WASHINGTON (CN) – North Dakota Sen. Heidi Heitkamp beseeched the Indian Affairs Committee on Wednesday to address the “invisibility” of women on tribal lands who face the nation’s highest rate of victimization by violent crimes.
According to the National Crime Information Center, more than 5,700 women a year are reported missing in Indian Country — 16 a day; and homicide is the third leading cause of death for Indian and Alaskan native women between the ages of 10 and 24.
Victims of sexual assault, stalking and other forms of violence are often left without sufficient – or any – resources at all, the first-term Republican senator told the committee. Heitkamp grilled North Dakota’s U.S. Attorney General R. Trent Shores — a member of the Choctaw Nation and former counsel at the Department of Justice’s Office of Tribal Justice — on the failings of justice on Indian reservations.
“How many of these cases of [missing or murdered women] have been investigated or have led to the determination of a suspect or led to some form of prosecution?” Heitkamp asked.
Shores could not provide an answer.
Heitkamp asked if he could tell her how many reports of missing women have been filed to tribal police or to the Department of Justice, or how many of those cases are under investigation.
Shores was unable to answer.
Heitkamp continued: “I don’t think you could give me that number, but if I need to ask you how many pending drug investigations there are in this country that the FBI is involved in, I bet you could give me that number. And the clearance rate of prosecutions they’ve made.
“You keep these numbers. I’ve seen these numbers. I’ve been an attorney general of North Dakota, but I’m making the point – this [issue is] invisible.”
Heitkamp added that North Dakota tribes “don’t even have a single amber alert system.”
“There’s no way to know if someone went missing,” the senator said. “I talk to women there and they say, ‘We rely on Facebook to notify each other of what’s happening with these crimes.’
“I can pass all the laws and get all the sponsorships, but if we don’t have a commitment from the DOJ and the DOJ doesn’t make this high priority, we’re not going to be successful.”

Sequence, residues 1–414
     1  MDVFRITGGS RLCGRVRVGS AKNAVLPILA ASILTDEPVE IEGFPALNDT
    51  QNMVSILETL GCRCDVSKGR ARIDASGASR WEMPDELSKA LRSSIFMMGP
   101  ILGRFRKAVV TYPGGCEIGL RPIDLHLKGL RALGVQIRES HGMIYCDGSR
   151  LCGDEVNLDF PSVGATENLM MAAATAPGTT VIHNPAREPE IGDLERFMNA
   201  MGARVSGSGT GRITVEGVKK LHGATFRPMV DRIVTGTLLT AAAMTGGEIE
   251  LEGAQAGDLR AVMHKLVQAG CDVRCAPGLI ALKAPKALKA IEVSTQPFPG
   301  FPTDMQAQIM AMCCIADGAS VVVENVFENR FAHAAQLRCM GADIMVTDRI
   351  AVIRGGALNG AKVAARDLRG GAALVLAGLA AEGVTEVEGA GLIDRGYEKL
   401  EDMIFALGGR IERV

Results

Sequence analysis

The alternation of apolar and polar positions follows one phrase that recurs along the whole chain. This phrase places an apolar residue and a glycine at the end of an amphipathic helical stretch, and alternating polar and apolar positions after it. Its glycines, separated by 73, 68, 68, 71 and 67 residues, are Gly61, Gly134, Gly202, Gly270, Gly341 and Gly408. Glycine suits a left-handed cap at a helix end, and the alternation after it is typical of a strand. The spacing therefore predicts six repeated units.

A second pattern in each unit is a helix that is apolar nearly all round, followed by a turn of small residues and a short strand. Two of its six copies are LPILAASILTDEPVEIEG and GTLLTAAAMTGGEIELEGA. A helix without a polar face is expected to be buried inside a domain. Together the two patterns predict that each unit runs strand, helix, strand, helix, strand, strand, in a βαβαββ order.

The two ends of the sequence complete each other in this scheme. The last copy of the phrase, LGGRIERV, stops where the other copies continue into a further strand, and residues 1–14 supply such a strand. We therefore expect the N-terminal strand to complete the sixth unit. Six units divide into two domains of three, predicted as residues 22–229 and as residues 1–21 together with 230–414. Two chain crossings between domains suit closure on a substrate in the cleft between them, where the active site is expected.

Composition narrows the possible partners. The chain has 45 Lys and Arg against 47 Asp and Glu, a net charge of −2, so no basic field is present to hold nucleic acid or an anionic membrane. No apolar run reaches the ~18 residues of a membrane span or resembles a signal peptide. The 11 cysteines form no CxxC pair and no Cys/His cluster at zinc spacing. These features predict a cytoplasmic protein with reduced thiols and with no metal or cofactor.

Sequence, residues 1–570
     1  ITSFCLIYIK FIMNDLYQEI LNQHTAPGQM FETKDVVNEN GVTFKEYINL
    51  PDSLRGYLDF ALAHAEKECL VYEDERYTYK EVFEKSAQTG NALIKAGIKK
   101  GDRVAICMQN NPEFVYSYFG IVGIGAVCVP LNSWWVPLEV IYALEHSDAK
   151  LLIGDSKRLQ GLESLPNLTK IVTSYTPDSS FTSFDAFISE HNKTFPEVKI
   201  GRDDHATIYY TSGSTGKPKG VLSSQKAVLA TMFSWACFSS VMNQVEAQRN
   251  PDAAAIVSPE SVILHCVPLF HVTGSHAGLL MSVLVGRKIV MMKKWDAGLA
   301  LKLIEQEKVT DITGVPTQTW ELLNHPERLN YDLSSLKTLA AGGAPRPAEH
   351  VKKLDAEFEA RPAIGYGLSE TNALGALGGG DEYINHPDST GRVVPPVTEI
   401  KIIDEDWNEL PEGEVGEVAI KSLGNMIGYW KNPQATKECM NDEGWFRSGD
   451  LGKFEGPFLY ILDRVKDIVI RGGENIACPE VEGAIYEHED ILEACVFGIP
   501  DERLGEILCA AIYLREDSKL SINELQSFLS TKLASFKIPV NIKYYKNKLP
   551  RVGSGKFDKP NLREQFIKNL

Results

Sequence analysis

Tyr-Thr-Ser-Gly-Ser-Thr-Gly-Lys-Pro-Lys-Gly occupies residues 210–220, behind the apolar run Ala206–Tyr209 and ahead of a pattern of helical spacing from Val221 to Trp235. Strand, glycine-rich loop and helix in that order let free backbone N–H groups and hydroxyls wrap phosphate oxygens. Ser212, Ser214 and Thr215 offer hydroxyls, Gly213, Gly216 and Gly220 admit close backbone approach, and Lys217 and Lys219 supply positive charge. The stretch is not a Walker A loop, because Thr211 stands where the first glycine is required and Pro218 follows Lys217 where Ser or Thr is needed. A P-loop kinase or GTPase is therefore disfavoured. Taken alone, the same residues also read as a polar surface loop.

The committee on Wednesday addressed three pieces of legislation proposed to address the dearth of law enforcement on tribal lands and the staggering rate of cyclical violence and substance abuse plaguing communities there.
The three proposed laws are the Survive Act, which would fund victim services; the Tribal Law and Order Reauthorization Act, to give tribes access to law enforcement databases to track offenders and assist police; and Savanna’s Act, introduced on Oct. 5, to give tribes access to federal crime databases and create protocols for responses to missing and murdered Native American women such as Savanna LaFontaine-Greywind.
A 22-year-old Fargo woman, LaFontaine-Greywind went missing in August and was killed. Her newborn baby was also abducted, and has been put in custody of Greywind’s boyfriend.
The legislation would also force Congress to obtain annual reports from native communities on the rates of missing and murdered women.
“When someone can sit down with friends at Standing Rock and come up with the names of 25 women who have gone missing or murdered, that’s simply not acceptable,” Heitkamp said.
If passed in Congress, the Tribal Law and Order Reauthorization bill, and a funding increase from $30 million to $150 million, would help women and children too.
James Boyd, a member of the Colville Business Council, which governs the Confederated Tribes of the Colville Reservation in Washington, choked up when telling the committee of the children and teenagers he sees suffering from a revolving-door, resource-strapped criminal justice system on tribal land.
“I want to get them into treatment and get them the help they need, rather than sending them to a juvenile system and not hearing anything back or what their accomplishments might be,” Boyd said.
Boyd, who worked as a camp counselor on the reservation, held back tears as he spoke of the “little buddies” he sees picked up by tribal law enforcement, tossed into county jail and released because the county has no jurisdiction or power to address the behavior.
Under decades-old laws, tribes are not allowed to prosecute “10 major crimes” in tribal courts. And because reservations are federal lands, where jurisdiction is a problem for state and local law enforcement, major crimes on reservations are generally referred to the FBI. But a missing poor person is seldom high a high priority for the FBI, which has a welter of national problems to worry about. So a major crime on a reservation is often just a minor irritant for the FBI, and many such crimes are never addressed.
One longtime teacher on a reservation, an Anglo, recalled the story of a former student who was found beaten to death with rocks with his hands tied behind him. Because murder is a major crime, the tribal police referred the case to the FBI. The FBI closed the case as a suicide.